Metal jewelry is among the relatively few children’s products that presents a risk of lead ingestion to children not approximating zero, so it’s not especially surprising that it is treated with special stringency under the Consumer Product Safety Improvement Act. As CPSC’s guidelines explain, metal children’s jewelry becomes subject to testing and certification requirements on the 20th of this month (its makers do not benefit from the one-year stay) and items with even the tiniest dab of paint are subjected to additional requirements, including a separate testing/certification requirement that is already in effect. Since the law went into effect lead content has been limited to 600 parts per million in both jewelry and paint, and on August 14 the threshold for paint content will drop to 90 per million. Lead in its natural state has in many eras been a popular constituent of jewelry because of the metal’s soft and easily worked consistency. It is also a constituent element of all true crystal and many or most rhinestones — although there is much evidence that it is poses far less hazard to health in those forms because it tends to remain chemically bound into the crystal structure rather than leaching or dissolving out if chewed or ingested.
Given the stringency of its testing requirements and its unfriendliness toward component certification, CPSIA is not surprisingly causing serious economic difficulties in the children’s jewelry business, not excluding makers who have never used materials or components containing lead but must shoulder the extensive cost of testing anyway. HABA, the much-admired German toy company, has already announced the departure of its jewelry line from the U.S. market:
Due to the new CPSIA laws we have made the voluntary financial decision to no longer have the jewelry section in our catalog. The 2009 catalog will not include the jewelry. This does NOT mean that our current jewelry does not meet the ASTM requirements. Our overall jewelry sales are a very small percent of our business and the cost to test these items would outweigh the margins to sell the products.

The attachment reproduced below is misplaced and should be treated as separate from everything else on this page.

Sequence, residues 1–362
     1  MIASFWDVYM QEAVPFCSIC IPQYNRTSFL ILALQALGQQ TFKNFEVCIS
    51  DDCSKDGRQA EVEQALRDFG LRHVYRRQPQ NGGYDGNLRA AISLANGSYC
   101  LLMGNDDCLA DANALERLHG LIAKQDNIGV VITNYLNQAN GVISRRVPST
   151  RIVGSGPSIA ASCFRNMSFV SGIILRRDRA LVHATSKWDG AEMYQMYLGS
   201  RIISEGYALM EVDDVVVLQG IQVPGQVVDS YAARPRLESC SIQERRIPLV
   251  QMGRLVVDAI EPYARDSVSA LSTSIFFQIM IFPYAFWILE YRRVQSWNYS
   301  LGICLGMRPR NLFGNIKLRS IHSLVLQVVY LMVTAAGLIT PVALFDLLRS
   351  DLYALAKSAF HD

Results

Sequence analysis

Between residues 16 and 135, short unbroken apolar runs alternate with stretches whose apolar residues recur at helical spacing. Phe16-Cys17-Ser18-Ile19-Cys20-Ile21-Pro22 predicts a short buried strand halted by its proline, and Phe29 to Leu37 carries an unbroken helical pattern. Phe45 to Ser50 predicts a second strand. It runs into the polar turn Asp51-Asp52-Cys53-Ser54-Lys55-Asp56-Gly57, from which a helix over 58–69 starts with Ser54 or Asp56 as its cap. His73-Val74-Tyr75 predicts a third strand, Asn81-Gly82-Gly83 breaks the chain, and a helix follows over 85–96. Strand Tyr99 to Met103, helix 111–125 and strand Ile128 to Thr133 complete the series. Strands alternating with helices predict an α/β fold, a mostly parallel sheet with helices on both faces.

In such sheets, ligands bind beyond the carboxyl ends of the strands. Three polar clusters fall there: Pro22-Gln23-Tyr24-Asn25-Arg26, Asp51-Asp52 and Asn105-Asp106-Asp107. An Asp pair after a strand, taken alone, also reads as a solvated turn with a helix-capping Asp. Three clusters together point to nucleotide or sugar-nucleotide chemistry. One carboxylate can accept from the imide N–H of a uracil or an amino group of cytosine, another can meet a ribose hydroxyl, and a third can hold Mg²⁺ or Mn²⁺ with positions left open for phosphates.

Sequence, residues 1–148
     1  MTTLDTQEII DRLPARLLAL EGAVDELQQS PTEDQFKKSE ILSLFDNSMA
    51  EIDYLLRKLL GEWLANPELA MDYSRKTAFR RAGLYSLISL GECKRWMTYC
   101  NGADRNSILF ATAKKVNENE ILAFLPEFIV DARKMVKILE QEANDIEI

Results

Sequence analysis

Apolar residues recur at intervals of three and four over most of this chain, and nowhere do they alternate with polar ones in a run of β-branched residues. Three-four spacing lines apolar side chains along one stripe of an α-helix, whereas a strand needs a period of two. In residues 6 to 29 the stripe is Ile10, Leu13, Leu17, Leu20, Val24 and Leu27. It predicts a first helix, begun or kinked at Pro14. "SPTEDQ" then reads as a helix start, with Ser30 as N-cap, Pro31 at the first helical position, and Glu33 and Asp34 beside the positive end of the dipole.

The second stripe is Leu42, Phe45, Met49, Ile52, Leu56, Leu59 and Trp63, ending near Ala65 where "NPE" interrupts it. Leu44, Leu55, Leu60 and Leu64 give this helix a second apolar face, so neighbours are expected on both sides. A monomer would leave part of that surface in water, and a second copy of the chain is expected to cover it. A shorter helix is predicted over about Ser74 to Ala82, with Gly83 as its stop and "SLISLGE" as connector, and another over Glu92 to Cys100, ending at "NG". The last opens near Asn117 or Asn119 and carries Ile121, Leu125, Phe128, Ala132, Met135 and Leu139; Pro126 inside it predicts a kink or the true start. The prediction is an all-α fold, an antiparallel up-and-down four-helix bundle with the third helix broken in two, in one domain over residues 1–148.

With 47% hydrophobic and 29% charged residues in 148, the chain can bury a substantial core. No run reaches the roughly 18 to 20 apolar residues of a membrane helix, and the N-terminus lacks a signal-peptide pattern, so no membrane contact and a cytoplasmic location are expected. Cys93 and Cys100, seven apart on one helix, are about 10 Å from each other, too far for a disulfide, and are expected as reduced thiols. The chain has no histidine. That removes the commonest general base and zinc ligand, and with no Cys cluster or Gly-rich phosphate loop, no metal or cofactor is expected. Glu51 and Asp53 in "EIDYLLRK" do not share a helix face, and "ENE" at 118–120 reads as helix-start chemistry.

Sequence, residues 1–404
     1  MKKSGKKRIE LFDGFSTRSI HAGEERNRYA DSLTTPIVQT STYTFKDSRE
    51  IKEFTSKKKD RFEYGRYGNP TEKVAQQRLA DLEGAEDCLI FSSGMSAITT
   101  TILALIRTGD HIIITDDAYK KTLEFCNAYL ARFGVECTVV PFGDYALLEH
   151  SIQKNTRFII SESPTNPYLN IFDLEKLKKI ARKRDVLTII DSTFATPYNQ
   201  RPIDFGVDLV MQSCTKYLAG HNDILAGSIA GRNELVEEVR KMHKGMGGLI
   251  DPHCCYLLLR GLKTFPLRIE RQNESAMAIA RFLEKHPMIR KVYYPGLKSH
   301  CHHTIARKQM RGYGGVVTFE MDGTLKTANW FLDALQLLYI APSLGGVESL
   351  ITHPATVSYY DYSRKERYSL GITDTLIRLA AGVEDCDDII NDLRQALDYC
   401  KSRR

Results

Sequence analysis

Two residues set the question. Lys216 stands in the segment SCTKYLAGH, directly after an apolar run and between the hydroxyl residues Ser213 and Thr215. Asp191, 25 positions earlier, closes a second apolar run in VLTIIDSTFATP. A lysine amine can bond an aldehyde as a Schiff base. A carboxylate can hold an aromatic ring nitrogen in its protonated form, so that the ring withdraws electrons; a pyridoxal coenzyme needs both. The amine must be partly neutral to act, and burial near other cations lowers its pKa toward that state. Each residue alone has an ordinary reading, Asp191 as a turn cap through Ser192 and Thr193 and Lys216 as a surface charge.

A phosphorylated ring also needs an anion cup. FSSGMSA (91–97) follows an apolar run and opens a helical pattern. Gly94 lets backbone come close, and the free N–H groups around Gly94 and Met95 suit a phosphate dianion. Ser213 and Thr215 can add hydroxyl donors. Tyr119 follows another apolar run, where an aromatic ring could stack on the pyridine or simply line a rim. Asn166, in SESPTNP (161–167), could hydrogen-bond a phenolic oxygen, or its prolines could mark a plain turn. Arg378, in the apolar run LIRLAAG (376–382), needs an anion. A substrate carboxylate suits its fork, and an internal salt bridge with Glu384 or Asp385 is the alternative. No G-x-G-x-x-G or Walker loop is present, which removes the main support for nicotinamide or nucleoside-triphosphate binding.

Rhode Island is the historic center of costume jewelry making in America, and the Providence Business News reported recently on the plight of some of its makers. Keith Barber, partner in Rainbow Sales Inc. in Cranston,
said he has been following this issue for at least five years, since California adopted a strict law banning lead in children’s products. The California law became the model for the federal version, and Barber noted that California included an exclusion for rhinestones and crystals. California, he said, “took the time and did it right.”
Alan R. Green, owner and operator of Argo Products in Johnston, like Barber has thousands of dollars now tied up in unsalable rhinestone items, and believes that plastic substitutions will not be as broadly appealing to customers.
Green says that he could live with going out of business if he were a lousy businessman or as a result of the weak economy. “But to lose my business because of an ill-conceived federal regulation that is completely divorced from reality, that’s really going to hurt,” said Green.
The Fashion Jewelry Trade Association (FJTA), based in North Kingstown, R.I., “represents about 2,500 costume jewelry makers worldwide,” the article says. Its president, Michael Gale,